Tim Brooks spends a day at a very different track and finds banger racing delivers raw, high-octane fun.
Caravans retire from the road for a golden moment on the track
A middle-aged couple stretched out on their deckchairs in the mid-afternoon sun gazing out over the thatched cottages and rolling hills of the South Downs and beyond to the thin strip of gold sand and the deep blue of the ocean. It was silent save for the light breeze rustling the branches of a beech coppice and the occasional tweet of a bird skimming the hedgerows. You could not imagine a more tranquil scene.
But then, seconds later, the air was rent with a cacophony of roars and a crescendo of revving engines as race cars entered the oval track below us. Sweet summer scents were obliterated by a noxious plume of exhaust and the acrid aroma of burning rubber. It was race day at the Oval Raceway in Angmering, in West Sussex, south-east England, and a small crowd had gathered at this local track for the banging and screeching of old, road-going coupés and saloons pressed into service as weekend racers.
But as the billowing smoke cleared, I rubbed my eyes. Had I been out in the sun too long? No, my eyes hadn't deceived me - these battered and bruised race cars were indeed towing caravans. Yes, you did read that correctly: caravans. Those mobile motels usually seen towed at a snail's pace behind hardy holidaymakers; those oblong obscenities of the road that have long become a motorist's nemesis here in the UK.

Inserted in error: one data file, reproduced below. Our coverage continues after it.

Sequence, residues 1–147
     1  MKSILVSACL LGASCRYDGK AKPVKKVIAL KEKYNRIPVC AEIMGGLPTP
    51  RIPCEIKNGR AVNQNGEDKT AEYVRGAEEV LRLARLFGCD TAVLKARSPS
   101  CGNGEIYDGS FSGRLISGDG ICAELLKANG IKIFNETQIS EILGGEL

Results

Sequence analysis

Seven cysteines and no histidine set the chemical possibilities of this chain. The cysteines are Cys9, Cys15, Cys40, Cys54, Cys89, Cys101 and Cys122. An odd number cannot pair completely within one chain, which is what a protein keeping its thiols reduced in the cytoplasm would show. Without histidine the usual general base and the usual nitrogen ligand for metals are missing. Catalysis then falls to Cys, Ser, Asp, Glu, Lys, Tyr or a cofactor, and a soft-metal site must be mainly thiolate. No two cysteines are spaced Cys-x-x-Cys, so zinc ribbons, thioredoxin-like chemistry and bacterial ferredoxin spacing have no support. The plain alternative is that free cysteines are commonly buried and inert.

The expectation among the 600-strong crowd was palpable as everyone tensed for the mad maelstrom of destruction that lay ahead. The middle-aged couple were pressed against the fence with the rest of us cheering and clapping loudly as each contestant finished a parade lap. Then the green flag was waved and the cars screeched off the start line. I felt myself tense for the inevitable impact, but somehow they all drifted safely around the first corner and raced into the straight. I shielded my eyes from the dust as gears gnashed their way to speeds well in excess of those stipulated in the highway code. Then one caravan began to snake and, when nudged by a competitor, sheered off and came to a standstill on the outside of one of the bends. It was now a race between two caravans and a trailer. On the second lap the car with a trailer tried to collect his caravan but only succeeded in smashing it to smithereens to a howl of approval from the crowd.
With two laps of the race completed, the laws of physics had somehow been cheated and two caravans were still intact, desperately clinging to their cars like a rider trying to stay atop a rodeo.
Everyone took a deep breath and winced in anticipation as they entered the third lap and pulled alongside each other on the straight. This was going to end in tears - that much was certain. As they entered the bend, the two caravans brushed together and were both sent spiralling into the air. Time almost seemed suspended as all eyes watched them tumble and twist, then smash into pieces with an almighty thud; debris flying through the air and the carcass of kitchenettes laying strewn on the track. And still the cars raced, speeding through the debris, like stunt drivers on the set of a Hollywood film.
The heart-stopping carnage was brought to an end with a red flag and the cars made their way off the track. In the space of four minutes, they had left a scene of post-apocalyptic Armageddon, as if the light skittish breeze had suddenly whipped up into a tornado shredding everything in its path. I had just witnessed what surely must be the most exciting, eccentric and peculiarly English form of motorsport in the world.